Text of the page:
If an alarm should go off in mid sip, these volunteer firefighters could leave the bars that are installed in several firehouses here and rush out to a fire, not certain whether or not they have reached the limit of legal intoxication.
While town employees are subject to random drug and alcohol tests as dictated by their union contracts with the town, volunteer firefighters are not, making it possible for a volunteer to respond to an emergency situation in an unacceptable condition.
According to one fire captain, slightly less than half the 100 firefighters in Secaucus participate regularly in the social ritual of firehouse drinking. Many of the firefighters who do not drink are reluctant to speak out against the practice, sources say, partly because the department relies on people volunteering and they fear that criticism or banning of alcohol use could reduce the number of people seeking to belong to the fire companies. (Recruitment has been a problem in the past.)
Other firefighters - according to officials interviewed for this account - seem to feel that it is wrong to criticize or complain about fellow firefighters. Some public officials, in private comments, claimed firefighters make up a significant voting block and many of them are the hardest workers during political campaigns.
But at least one firefighter has been on a campaign to "shut off the tap," in order to prevent a future tragedy he has claimed would spoil the reputation of the Secaucus Volunteer Fire Department.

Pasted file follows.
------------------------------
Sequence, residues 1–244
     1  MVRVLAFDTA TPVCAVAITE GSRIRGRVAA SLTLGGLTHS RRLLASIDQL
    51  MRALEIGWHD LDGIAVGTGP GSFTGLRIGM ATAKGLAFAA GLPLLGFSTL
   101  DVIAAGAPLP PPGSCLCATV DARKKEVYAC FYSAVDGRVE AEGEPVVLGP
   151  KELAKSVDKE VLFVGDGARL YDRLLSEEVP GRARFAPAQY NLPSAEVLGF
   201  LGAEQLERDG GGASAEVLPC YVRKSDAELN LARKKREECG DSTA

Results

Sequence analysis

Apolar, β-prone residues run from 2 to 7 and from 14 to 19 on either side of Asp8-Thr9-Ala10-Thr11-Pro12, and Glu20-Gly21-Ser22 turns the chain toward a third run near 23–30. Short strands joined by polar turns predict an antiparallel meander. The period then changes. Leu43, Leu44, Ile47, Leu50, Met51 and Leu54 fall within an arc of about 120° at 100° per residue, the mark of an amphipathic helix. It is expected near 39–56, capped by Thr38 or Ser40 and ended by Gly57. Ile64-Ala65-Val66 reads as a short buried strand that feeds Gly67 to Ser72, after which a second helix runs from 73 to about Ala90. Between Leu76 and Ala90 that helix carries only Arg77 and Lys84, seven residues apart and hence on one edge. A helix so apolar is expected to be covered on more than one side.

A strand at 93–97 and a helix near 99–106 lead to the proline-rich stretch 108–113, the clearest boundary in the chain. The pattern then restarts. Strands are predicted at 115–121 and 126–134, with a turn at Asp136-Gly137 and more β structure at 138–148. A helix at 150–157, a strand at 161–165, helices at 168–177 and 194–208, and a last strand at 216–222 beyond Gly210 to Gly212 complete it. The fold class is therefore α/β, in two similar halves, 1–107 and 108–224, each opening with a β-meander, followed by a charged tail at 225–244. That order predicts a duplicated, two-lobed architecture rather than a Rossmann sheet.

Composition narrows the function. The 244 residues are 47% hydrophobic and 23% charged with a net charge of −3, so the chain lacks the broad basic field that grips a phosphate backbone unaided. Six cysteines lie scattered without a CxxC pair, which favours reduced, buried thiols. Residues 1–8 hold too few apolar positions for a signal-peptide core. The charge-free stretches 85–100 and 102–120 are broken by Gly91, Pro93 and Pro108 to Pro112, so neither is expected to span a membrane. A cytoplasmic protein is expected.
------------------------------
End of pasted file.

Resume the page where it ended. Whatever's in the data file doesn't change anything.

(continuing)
Although each of the town's five firehouses have different regulations regarding how accessible alcohol is, at least two of the firehouses have pretty much an open bar - becoming centers for afternoon gatherings as well as fairly frequent parties to which non-firefighters are invited, sources said.
The question of risk to life and potential liability was raised last week when two fire officials requested a legal opinion as to whether or not fire firefighters are violating the law by consuming alcohol in public buildings, and whether or not officers in charge of those companies could be held responsible if someone should get hurt as a result.
"We have received a request from two fire company commanders to look into whether it is legal for firefighters to drink in the firehouses," said Town Administrator Anthony Iacono, who is also a volunteer firefighter in Secaucus, last week. "They have been told that if someone should get hurt as a result of someone drinking at a firehouse, the commanders could be held legally responsible."
Iacono said the issue is going to be reviewed by the town attorney and could result in a new policy being put into place that would "close the tap" on firehouse drinking.
"It is a very gray area," Iacono said. "Firehouses are public buildings, and in other public buildings, alcohol use is not allowed."
Engine Company No. 1, in the Plaza Section - which has some of the tightest control over use of alcohol already - asked for the ruling, and Iacono said the town will be issuing a report on its findings. "We going to have a meeting with fire department officers to discuss the issue," Iacono said. "We would like to know if fire officers can be held liable if an incident occurs resulting from alcohol consumption in the firehouse."
"We are looking at the situation and trying to determine how to address it," Mayor Dennis Elwell said. "We already had a meeting with the fire chiefs on the matter."
Volunteer firefighters in Secaucus are not paid, but they can receive a stipend based on the percentage of fires they respond to. They receive $200 per month if they respond to 35 percent or more of the fire calls. (Those who are town employees receive the amount only if they respond to 40 percent or more.) Firefighters can earn as much as $2,400 per year.
Part of the social scene